However, now that it is common knowledge that over the past several years the market has been conducting the most elaborate acrobatic example of pulling itself up by its bootstraps, by conducting a slow motion LBO in which just over 1% of the S&P has been purchased with incremental leverage, another question which bears answer is how much of S&P EPS growth comes from buybacks?

This is important because with Q1 earnings season starting and expected to post the worst, -8.5% drop in EPS since the financial crisis, and one in which collapsing energy and financial will be routinely ignored, we asked what would happen to "earnings" if one also excluded the benefit from buybacks.

Here is the answer courtesy of Deutsche Bank:

About 25% of S&P 500 EPS growth comes from buybacks on average since 2012. The S&P 500 companies on aggregate pay out 2/3 of their earnings through dividends & buybacks.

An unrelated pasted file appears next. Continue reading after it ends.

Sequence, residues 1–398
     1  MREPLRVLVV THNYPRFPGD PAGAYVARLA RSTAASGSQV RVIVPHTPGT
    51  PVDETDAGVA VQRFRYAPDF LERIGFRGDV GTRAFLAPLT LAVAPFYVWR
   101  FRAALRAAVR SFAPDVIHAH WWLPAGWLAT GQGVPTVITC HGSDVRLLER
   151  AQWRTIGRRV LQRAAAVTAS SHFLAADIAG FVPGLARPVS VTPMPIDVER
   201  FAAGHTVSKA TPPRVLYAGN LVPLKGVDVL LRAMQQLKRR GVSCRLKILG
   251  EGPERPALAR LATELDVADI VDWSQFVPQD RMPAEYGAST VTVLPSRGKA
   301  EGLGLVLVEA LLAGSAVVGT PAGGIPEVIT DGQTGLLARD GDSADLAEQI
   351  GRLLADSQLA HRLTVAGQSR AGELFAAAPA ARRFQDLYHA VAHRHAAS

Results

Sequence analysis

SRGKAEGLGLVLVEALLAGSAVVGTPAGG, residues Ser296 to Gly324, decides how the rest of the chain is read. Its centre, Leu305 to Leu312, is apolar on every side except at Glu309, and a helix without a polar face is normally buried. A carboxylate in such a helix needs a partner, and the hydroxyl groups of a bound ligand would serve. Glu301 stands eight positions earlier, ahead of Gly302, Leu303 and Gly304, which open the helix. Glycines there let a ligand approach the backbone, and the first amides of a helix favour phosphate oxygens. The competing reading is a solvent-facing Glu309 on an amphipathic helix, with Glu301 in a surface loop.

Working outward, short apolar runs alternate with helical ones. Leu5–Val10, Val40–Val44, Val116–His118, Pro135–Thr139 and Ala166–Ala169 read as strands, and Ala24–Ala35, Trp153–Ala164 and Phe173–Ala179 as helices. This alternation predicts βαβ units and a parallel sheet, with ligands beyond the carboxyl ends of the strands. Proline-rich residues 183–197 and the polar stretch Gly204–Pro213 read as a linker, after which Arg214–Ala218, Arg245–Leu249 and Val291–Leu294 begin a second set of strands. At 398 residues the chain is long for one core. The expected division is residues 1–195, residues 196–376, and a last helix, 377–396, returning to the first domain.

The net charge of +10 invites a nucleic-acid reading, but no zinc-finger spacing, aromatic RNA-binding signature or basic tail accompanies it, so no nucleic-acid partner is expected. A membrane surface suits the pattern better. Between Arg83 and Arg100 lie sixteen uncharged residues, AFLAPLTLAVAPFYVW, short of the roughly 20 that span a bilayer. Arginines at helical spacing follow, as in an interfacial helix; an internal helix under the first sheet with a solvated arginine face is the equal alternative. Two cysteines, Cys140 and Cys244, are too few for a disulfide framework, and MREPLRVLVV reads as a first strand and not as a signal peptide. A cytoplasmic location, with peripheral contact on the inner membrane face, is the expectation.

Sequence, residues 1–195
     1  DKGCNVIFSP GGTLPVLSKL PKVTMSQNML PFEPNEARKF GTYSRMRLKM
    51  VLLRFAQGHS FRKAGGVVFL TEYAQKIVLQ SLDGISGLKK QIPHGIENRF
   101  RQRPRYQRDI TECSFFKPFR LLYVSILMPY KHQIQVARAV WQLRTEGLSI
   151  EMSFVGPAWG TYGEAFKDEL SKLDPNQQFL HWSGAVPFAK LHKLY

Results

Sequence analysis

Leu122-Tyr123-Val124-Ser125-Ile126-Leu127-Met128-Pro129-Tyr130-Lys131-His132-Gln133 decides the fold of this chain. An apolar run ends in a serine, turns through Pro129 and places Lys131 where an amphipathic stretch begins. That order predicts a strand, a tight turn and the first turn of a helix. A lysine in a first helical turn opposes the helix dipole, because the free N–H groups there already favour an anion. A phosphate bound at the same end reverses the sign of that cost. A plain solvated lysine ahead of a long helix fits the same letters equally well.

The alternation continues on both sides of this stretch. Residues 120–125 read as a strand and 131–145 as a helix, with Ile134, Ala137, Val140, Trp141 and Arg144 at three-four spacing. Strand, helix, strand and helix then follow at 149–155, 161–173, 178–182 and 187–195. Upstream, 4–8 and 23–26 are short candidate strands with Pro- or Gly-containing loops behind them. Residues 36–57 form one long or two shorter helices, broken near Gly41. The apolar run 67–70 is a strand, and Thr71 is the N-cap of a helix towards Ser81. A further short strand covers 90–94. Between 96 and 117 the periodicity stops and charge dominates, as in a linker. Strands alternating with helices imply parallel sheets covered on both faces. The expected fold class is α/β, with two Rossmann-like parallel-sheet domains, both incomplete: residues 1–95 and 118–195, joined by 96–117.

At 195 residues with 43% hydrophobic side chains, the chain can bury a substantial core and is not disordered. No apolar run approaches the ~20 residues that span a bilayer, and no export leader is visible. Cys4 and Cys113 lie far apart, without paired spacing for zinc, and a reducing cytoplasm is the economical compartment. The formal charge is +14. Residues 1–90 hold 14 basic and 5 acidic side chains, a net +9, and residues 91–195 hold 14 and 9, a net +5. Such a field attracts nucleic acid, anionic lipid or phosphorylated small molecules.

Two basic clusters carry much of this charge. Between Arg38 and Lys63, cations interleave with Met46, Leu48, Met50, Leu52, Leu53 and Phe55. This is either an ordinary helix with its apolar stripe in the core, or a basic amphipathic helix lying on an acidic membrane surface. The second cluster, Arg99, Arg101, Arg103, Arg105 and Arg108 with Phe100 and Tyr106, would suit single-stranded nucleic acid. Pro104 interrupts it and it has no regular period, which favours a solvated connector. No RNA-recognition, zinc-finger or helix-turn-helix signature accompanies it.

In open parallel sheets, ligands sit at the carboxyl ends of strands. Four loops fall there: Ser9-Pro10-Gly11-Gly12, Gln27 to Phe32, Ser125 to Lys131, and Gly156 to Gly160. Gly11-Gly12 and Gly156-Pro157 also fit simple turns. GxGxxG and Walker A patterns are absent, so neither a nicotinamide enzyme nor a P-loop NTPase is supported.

Buybacks are an important part of the earnings payout and a significant driver of total shareholder return and EPS growth in a slow sales world. However, the complexities in correctly measuring buyback payout ratios, buyback yields and buyback flows cause investor confusion. Just as option expense shouldn’t be excluded from EPS or from any FCF measures used for valuation, it should not be neglected in net buyback activity measures. Buyback yield estimates should reflect the continuous issuance of stock to employees at option exercise prices that are well below the market price at which shares are repurchased. This is why we estimate buyback yield as: (net dollars spent on buybacks less option expense) / market cap. This is because although companies report net dollars spent on buybacks, they spend more per share repurchased than what they receive per share issued.